US jury weighs fate of woman who passed herself off as heiress

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Anna Sorokin (C), who passed herself off as an heiress, is charged with 10 counts of fraud and the theft of $275,000

Anna Sorokin (C), who passed herself off as an heiress, is charged with 10 counts of fraud and the theft of $275,000 (AFP Photo/TIMOTHY A. CLARY)

New York (AFP) - A jury in New York on Tuesday began deliberating the fate of a German-Russian woman charged with 10 counts of fraud and theft of $275,000 during the time she spent passing herself off as an heiress.

Anna Sorokin, 28, is accused of inventing a new identity upon her 2016 arrival to the US, presenting herself as an heiress when she was in fact the daughter of a Russian truck-driver who moved to Germany at age 16.

Sorokin, who went by the name Anna Delvey during the time she allegedly spent arranging the fraud scheme, was held without bail throughout her trial. In court, former friends took the stand to lament having ever gotten pulled into her orbit, according to media reports.

But Sorokin's attorney Todd Spodek compared her to Frank Sinatra, saying: "In a city that favors money and the appearance of money... they both created their own opportunities."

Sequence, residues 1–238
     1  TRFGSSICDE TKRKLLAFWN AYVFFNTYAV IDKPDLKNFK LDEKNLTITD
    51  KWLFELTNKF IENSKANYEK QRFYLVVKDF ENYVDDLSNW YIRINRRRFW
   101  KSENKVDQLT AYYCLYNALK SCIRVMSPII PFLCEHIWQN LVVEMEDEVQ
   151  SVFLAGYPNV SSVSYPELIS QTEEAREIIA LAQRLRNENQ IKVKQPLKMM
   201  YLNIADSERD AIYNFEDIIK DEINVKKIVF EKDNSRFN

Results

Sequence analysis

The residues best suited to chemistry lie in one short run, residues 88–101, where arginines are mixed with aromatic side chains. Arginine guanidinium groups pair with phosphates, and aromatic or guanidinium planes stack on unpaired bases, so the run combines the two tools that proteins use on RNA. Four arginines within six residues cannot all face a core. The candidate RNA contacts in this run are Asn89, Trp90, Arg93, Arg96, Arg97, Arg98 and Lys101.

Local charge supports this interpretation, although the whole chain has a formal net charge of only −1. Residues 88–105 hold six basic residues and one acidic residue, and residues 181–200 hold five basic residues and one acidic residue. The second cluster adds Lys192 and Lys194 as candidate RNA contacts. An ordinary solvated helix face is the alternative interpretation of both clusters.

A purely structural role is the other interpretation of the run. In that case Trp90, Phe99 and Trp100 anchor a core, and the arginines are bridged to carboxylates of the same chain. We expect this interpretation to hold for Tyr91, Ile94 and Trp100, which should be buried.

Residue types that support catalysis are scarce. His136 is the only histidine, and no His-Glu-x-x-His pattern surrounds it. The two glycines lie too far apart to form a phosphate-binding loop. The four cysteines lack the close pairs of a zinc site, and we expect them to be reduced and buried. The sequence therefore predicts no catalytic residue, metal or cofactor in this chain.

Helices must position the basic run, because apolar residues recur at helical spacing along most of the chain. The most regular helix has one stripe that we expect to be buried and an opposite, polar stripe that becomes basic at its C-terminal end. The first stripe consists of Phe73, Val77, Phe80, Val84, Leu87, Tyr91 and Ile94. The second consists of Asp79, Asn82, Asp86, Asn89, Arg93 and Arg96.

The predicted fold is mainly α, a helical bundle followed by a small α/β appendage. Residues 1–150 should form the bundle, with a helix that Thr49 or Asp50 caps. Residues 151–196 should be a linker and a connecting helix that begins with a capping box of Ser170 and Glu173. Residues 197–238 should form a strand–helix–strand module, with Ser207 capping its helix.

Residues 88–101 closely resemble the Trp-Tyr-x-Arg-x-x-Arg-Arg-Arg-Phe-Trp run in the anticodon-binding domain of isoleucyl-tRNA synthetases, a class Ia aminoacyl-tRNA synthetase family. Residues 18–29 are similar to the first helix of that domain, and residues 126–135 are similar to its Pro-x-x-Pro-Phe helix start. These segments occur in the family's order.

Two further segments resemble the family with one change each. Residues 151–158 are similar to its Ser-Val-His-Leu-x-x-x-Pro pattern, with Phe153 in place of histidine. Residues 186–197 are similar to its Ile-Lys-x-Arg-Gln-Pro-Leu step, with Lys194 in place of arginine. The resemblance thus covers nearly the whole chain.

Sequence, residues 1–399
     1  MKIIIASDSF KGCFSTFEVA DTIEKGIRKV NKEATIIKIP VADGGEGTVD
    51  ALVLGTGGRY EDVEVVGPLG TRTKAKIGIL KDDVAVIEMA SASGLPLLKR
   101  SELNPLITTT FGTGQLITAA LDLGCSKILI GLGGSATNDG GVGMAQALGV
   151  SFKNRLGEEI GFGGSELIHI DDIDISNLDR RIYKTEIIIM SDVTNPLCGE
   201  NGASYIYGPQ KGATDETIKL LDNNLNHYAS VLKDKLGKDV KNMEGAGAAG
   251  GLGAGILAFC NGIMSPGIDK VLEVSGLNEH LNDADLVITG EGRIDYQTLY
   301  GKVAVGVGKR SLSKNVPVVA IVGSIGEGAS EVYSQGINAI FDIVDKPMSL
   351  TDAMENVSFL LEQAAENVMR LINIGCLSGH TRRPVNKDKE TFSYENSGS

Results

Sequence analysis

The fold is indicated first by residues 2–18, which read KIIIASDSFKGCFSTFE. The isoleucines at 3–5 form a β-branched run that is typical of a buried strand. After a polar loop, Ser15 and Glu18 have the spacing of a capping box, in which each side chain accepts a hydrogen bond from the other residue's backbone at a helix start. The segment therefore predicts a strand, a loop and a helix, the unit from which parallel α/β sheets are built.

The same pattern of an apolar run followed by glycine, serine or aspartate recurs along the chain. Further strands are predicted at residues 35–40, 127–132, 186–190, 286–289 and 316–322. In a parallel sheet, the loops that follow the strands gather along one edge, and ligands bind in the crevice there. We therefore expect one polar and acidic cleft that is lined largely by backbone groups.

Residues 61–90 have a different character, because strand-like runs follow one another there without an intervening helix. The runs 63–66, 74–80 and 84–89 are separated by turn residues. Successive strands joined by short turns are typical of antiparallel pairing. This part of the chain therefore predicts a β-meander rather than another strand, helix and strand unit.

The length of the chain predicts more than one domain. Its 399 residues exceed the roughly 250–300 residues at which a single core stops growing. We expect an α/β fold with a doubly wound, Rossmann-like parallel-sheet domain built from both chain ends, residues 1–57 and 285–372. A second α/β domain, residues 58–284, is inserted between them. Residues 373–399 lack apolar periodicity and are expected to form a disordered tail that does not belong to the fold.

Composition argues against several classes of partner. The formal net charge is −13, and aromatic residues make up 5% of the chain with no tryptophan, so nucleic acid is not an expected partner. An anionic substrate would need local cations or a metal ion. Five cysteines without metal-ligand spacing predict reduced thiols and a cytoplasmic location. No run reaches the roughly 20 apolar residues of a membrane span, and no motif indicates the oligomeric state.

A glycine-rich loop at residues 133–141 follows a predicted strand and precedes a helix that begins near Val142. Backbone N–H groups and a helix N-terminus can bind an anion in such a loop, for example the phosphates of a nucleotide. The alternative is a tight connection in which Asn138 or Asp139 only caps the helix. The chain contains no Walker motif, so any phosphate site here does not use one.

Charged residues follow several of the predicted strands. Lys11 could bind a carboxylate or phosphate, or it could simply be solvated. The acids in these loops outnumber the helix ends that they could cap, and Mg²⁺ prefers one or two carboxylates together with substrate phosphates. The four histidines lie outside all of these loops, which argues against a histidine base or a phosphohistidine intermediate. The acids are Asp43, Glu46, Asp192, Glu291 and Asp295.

"She didn't do anything to separate New Yorkers from their money, they gave it to her," Spodek said.

Through clever lies and incredible self-confidence, Sorokin received tens of thousands of dollars in loans from several banks, traveled free on private planes and spent months in luxury Manhattan hotels without paying the bill, according to prosecutors.

- 'Buying time' -

As she became more enmeshed with the New York City elite, Sorokin focused on an ambitious project to open an upscale nightclub that doubled as an art gallery. She tried to borrow $22 million in order to launch it after convincing a powerful promoter to provide a venue on the prestigious Park Avenue.

"She was creating a business that she believed would work and she was buying time," her attorney argued.

But prosecutor Catherine McCaw called on the jury to convict Sorokin, saying that "the evidence is overwhelming."

"The reality is that the defendant told lie after lie to victim after victim, she submitted phony document after phony document, phony ID card after phony ID card," said McCaw.

"These are not white lies... the defendant had a criminal intent in this case."

Sorokin has spent a year and a half at New York's famous Riker's Island prison and could spend up to 15 years in prison.

If acquitted, US Immigration and Customs Enforcement have told US media Sorokin will be deported back to Germany for overstaying her visa.